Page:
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I need to be able to generate dynamically a waveform and play it, using C#, without any external libraries, and without having to store sound files on the hard disk. Latency isn't an issue; the sounds would be generated well before they are needed by the application.

Actually the Console.Beep() method might meet my needs if it weren't for the fact that Microsoft says it isn't supported in 64-bit versions of Windows.

If I generate my own sound dynamically I can get a more fancy than a simple beep. For example, I could make a waveform from a triangle wave that increases in frequency from 2 KHz to 4 KHz while decaying in volume. I don't need fancy 16-bit stereo, just 8-bit mono is fine. I don't need dynamic control over volume and pitch, just basically generate a soundfile in memory and play it without storing it.

Last time I needed to generate sounds was many years ago, on Apple II, on HP workstations, and on my old Amiga computer. Haven't needed to do it since then, and it seems that something simple that I describe has gotten a lot more complicated. I am having trouble believing that something so simple seems so hard. Most of the answers I see refer to NAudio or similar libraries, and that isn't an option for this project (aside from the fact that pulling in an entire library just to play a tone seems like a waste).

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3 Answers 3

Based on one of the links in the answers I received, and some other pages I found about .wav header formats, here is my working code for a little class that generates an 8-bit "ding!" sound with a user-specified frequency and duration. It's basically a beep that decays linearly to zero in amplitude during the specified duration.

public class AlertDing {
    private SoundPlayer player = null;
    private BinaryWriter writer = null;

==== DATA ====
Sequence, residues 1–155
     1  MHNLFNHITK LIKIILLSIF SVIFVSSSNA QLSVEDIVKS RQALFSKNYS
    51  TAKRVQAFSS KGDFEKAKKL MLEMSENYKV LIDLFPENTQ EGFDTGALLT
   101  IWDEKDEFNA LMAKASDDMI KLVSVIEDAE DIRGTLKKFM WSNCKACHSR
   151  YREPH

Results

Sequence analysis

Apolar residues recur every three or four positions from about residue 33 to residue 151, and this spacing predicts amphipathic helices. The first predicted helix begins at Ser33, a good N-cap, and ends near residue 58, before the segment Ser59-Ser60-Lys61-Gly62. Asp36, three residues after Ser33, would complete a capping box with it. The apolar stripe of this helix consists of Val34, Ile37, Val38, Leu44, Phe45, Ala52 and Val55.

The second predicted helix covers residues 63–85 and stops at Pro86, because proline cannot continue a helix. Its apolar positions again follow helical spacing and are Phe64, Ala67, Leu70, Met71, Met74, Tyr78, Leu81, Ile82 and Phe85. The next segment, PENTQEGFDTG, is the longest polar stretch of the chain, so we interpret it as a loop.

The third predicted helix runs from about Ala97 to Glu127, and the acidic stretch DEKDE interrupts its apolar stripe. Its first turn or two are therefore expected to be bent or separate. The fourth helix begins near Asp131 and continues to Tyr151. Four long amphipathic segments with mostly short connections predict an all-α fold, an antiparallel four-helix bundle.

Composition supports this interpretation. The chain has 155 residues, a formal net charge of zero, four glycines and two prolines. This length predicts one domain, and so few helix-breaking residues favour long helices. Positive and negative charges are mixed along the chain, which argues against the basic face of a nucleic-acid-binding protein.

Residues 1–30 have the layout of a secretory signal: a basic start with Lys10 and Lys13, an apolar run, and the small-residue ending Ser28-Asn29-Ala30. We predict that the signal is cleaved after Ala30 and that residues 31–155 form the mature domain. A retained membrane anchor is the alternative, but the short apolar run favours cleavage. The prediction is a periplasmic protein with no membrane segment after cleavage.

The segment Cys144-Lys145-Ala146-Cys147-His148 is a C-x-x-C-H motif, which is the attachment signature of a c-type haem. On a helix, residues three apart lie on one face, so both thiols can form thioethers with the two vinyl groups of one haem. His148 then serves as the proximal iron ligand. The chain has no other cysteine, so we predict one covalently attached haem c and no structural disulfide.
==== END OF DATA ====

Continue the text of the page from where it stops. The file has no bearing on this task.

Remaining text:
/// <summary>
    /// Dynamically generate a "ding" sound and save it to a memory stream
    /// </summary>
    /// <param name="freq">Frequency in Hertz, e.g. 880</param>
    /// <param name="tenthseconds">Duration in multiple of 1/10 second</param>
    public AlertDing(double freq, uint tenthseconds) {

        string header_GroupID = "RIFF";  // RIFF
        uint header_FileLength = 0;      // total file length minus 8, which is taken up by RIFF
        string header_RiffType = "WAVE"; // always WAVE

        string fmt_ChunkID = "fmt "; // Four bytes: "fmt "
        uint fmt_ChunkSize = 16;     // Length of header in bytes
        ushort fmt_FormatTag = 1;        // 1 for PCM
        ushort fmt_Channels = 1;         // Number of channels, 2=stereo
        uint fmt_SamplesPerSec = 14000;  // sample rate, e.g. CD=44100
        ushort fmt_BitsPerSample = 8;   // bits per sample
        ushort fmt_BlockAlign =
            (ushort)(fmt_Channels * (fmt_BitsPerSample / 8)); // sample frame size, in bytes
        uint fmt_AvgBytesPerSec =
            fmt_SamplesPerSec * fmt_BlockAlign; // for estimating RAM allocation

        string data_ChunkID = "data";  // "data"
        uint data_ChunkSize;           // Length of header in bytes
        byte [] data_ByteArray;

        // Fill the data array with sample data

        // Number of samples = sample rate * channels * bytes per sample * duration in seconds
        uint numSamples = fmt_SamplesPerSec * fmt_Channels * tenthseconds / 10;
        data_ByteArray = new byte[numSamples];

        //int amplitude = 32760, offset=0; // for 16-bit audio
        int amplitude = 127, offset = 128; // for 8-audio
        double period = (2.0*Math.PI*freq) / (fmt_SamplesPerSec * fmt_Channels);
        double amp;
        for (uint i = 0; i < numSamples - 1; i += fmt_Channels) {
            amp = amplitude * (double)(numSamples - i) / numSamples; // amplitude decay
            // Fill with a waveform on each channel with amplitude decay
            for (int channel = 0; channel < fmt_Channels; channel++) {